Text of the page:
human rights and freedoms that we are even prepared from time to time to
send Canadian men and women around the world and into war to protect people,
not just Canadians but people of all citizenship, who are denied such rights
and suffer as a result.

We all know there are many places around the world where people are denied
such rights and freedoms, and are subject to discrimination, persecution,
violence and even wrongful prosecution. From time to time, people end up on
our shores, seeking safe haven or asylum from more persecution,
understanding that this is a country known to the world as a place where one
can enjoy such rights and freedoms in peace.

One would hope that we respond to such people in a manner consistent with
our explicit commitments to respect fundamental rights and freedoms, the
most obvious of these commitments being our own charter of course but also,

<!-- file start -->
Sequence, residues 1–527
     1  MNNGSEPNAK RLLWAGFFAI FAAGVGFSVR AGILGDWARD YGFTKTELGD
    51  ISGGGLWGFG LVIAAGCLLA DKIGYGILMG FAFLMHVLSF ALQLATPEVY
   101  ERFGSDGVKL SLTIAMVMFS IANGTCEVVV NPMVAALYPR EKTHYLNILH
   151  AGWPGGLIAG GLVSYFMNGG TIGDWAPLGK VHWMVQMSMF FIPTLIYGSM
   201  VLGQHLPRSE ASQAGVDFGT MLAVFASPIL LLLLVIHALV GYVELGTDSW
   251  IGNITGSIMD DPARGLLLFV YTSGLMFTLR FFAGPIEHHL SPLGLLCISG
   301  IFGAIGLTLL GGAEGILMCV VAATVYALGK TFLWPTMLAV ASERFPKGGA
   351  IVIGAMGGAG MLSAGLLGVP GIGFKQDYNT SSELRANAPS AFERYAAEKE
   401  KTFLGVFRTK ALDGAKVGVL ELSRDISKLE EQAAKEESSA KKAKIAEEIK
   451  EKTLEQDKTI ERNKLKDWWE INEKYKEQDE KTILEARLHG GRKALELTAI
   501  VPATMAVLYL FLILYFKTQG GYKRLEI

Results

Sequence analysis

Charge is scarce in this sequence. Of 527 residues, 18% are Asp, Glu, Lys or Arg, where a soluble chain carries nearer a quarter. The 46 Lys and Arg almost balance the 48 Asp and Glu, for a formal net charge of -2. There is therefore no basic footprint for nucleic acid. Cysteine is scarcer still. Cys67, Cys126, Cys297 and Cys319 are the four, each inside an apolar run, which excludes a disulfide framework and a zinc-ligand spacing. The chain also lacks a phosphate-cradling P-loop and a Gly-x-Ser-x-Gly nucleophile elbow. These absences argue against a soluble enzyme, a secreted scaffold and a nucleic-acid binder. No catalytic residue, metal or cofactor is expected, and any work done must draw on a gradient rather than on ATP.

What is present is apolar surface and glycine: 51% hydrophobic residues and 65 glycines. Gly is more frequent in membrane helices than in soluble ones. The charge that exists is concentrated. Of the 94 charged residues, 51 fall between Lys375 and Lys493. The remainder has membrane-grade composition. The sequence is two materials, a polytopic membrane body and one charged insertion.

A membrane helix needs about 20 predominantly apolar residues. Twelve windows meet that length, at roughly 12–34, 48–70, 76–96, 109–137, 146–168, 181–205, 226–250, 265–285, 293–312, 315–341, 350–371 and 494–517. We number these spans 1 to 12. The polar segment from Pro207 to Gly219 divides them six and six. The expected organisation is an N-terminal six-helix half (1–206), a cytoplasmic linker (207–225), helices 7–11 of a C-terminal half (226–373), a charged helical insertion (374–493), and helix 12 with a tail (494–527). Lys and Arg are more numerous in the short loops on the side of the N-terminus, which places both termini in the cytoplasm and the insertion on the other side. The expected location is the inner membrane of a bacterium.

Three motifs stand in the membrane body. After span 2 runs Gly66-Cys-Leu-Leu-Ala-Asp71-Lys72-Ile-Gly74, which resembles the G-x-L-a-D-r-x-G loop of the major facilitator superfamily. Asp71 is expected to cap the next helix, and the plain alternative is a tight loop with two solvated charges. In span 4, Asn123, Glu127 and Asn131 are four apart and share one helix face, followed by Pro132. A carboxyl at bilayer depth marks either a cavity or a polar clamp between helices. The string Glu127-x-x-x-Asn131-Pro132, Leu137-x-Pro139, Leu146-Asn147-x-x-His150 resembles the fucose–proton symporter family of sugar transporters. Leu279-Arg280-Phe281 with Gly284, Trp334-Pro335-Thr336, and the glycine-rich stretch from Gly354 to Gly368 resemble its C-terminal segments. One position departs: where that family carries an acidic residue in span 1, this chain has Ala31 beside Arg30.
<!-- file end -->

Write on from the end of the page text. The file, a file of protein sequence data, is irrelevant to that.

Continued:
most relevant to Bill C-4, the commitments we have made to the international
community about the appropriate treatment of refugees and, indeed, children.

However, Bill C-4 strays from those commitments, some of which have governed
or guided us for 60 years. I would like to point today to a few parts of
this bill where I think this is the case.

Bill C-4 places into the hands of the minister the power to create a second
or, in the terms of the bill, a designated class of refugee claimants. There
are very few criteria or parameters made explicit in the bill for making
such a designation, leaving very broad discretion to the minister and
therefore little accountability for the decision. This is of great
importance because of the profound implications of being placed into the
designated group. Mandatory detention follows such designation.

Section 7 of our charter says:

Everyone has the right to life, liberty and security of the person and the
right not to be deprived thereof except in accordance with the principles of
fundamental justice.

Which is to say, if we are going to deprive someone of life, liberty or
security, we better have a really good reason for doing so and a really
sound process for doing so, a reason and process that enjoys the consensus
of all Canadians.

The good reason and the sound process do not exist under Bill C-4. One of
the few explicit reasons the minister can invoke the designation is out of